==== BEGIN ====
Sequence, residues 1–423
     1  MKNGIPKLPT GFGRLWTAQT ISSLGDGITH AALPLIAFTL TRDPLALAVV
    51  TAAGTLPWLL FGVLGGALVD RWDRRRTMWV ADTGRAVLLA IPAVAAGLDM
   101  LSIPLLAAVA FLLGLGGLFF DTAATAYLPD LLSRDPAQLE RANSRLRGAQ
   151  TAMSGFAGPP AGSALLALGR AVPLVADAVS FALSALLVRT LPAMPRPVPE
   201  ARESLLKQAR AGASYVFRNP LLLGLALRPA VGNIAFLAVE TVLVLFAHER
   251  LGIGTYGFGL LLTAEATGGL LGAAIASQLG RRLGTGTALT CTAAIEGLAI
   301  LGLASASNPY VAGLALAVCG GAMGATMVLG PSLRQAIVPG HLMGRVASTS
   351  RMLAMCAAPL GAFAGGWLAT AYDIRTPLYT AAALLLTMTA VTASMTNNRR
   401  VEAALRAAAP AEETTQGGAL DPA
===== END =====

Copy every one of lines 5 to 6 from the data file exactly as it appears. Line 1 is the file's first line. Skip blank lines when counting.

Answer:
   151  TAMSGFAGPP AGSALLALGR AVPLVADAVS FALSALLVRT LPAMPRPVPE
   201  ARESLLKQAR AGASYVFRNP LLLGLALRPA VGNIAFLAVE TVLVLFAHER